Bridging Gaps, Building Peoplehood


American Jewish-Israeli relations usefully may be compared to a pyramid — close at the very top, drifting further and further apart at the foundations. Thus, American Jewish leaders routinely engage Israeli counterparts on virtually a daily basis. When disagreements persist, even when tempers flare, few, if any, will call for disengagement from one another. Conversely, on the Israeli street, little if any attention is paid to American Jewish concerns. Similarly, American Jewish leaders rightfully fret whether the loyalty and passionate advocacy they have mounted on behalf of Israel over many decades will be sustained and transmitted to the next

Thus, in recent months, the “distancing discourse” between American Jews and Israel has intensified. Rarely a day passes without a new report of a “crisis” in the relationship related to questions of egalitarian prayer services at the Western Wall, conversion to Judaism, settlements and occupation policies, and the possible clash between democratic norms and Judaic imperatives within a Jewish state.

AJC’s first-ever comparative survey of American Jews and Israelis, released this month, highlighted enormous disparities, particularly with respect to assessments the Trump administration’s policies towards Israel, the move of the U.S. Embassy to Jerusalem, and even whether American Jews and Israelis consider one another part of their family. More generally, American Jews generally share the values of liberal universalism: Israelis, by contrast, incline towards survivalist and particularistic concerns. The widely cited “bromance” between Prime Minister Netanyahu and President Trump highlights this divide, given Trump’s high unfavorability ratings among American Jews.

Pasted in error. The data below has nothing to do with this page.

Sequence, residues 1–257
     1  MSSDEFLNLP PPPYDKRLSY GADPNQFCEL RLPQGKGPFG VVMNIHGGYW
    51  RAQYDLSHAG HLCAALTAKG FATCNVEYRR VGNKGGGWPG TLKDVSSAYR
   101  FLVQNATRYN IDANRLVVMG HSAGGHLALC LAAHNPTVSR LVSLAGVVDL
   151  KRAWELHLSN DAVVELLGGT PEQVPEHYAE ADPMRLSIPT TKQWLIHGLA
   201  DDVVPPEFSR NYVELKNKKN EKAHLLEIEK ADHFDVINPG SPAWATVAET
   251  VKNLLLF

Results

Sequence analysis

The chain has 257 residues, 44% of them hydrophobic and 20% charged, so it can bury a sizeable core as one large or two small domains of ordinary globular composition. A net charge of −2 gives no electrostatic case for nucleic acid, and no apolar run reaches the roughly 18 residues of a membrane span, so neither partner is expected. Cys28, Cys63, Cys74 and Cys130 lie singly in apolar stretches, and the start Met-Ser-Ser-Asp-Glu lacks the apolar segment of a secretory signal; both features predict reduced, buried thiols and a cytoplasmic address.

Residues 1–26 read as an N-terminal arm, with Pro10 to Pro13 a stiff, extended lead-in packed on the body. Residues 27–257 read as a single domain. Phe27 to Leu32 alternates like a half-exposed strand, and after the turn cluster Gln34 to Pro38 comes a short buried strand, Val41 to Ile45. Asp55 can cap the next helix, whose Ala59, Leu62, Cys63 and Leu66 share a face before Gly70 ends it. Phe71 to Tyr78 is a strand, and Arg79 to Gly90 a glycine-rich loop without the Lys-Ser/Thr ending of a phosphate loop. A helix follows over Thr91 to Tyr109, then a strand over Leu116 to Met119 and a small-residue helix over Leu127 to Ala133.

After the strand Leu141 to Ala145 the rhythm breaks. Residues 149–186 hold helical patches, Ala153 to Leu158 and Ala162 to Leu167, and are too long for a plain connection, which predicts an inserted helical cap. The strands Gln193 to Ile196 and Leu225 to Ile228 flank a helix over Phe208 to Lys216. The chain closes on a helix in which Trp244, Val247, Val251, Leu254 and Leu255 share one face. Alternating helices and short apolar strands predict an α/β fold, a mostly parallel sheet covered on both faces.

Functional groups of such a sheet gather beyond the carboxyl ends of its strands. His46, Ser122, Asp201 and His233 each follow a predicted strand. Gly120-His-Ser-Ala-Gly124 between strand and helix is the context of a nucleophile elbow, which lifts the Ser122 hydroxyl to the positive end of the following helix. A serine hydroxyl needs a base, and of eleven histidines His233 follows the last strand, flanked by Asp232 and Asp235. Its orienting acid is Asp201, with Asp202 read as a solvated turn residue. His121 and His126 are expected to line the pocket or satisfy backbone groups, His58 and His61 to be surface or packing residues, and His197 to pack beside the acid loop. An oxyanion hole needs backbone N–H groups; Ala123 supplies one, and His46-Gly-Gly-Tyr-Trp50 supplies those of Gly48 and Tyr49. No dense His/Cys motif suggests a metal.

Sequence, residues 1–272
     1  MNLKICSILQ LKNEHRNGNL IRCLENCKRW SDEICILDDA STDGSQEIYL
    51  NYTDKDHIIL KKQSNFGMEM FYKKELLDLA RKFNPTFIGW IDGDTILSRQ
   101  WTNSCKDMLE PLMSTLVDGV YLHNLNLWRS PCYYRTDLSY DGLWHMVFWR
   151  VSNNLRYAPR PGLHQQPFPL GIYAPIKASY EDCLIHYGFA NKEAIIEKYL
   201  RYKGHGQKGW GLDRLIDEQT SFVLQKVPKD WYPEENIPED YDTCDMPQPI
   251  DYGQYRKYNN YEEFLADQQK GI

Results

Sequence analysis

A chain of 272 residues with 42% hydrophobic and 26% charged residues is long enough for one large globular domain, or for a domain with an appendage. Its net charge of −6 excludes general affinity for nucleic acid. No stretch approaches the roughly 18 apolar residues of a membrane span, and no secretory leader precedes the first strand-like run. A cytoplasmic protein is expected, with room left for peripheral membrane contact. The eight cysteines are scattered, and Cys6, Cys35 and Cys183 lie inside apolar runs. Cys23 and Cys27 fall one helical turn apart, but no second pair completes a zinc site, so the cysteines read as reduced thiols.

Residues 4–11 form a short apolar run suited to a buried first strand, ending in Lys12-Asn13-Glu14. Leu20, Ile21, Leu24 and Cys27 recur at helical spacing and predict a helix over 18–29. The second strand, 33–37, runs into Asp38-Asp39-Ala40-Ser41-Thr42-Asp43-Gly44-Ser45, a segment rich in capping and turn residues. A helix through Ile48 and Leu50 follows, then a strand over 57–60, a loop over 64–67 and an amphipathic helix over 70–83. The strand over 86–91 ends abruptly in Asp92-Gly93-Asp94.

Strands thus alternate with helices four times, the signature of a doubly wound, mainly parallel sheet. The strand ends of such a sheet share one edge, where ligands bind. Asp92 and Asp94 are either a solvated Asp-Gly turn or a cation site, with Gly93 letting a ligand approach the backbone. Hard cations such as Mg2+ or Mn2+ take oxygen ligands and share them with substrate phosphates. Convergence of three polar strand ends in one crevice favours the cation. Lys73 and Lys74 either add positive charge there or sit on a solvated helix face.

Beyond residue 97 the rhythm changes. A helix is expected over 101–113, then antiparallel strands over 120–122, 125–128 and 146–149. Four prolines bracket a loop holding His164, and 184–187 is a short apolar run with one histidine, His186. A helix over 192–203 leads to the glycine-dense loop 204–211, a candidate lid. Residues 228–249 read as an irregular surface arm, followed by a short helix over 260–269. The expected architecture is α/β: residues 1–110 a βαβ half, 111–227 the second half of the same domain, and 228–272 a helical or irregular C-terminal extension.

Underlying the divide lies the specter of Jewish assimilation in the United States and the toll it takes on Jewish consciousness and identity. The more distant one is from matters Jewish, the less attached one is to Israel as “nation-state of the Jewish people.” Israelis perceive this assimilation and query why American Jews are discomforted by the relative absence of religious pluralism in Israel when their own glaring weaknesses are so exposed and place at risk future Jewish continuity and identity. Conversely, American Jews underscore the critical role of Israel in ensuring future Jewish continuity, e.g., the Birthright Israel (Taglit) program, and ask why Israel would wish to undermine such efforts by disparaging Reform and Conservative Judaism.

To address what ought to be done about this divide, and as an integral part of AJC’s first-ever Global Forum in Jerusalem, AJC just published a symposium of 25 Israeli and American Jewish thought leaders assessing the divide and suggesting ways of bridging it. Collectively the contributors represent a cross-section of American Jewish and Israeli intellectual opinion. As one might expect, broad areas of disagreement exist in assessing the dimensions of the problem, the reasons for it, and what to do about it. Several recommendations for action do permeate the symposium: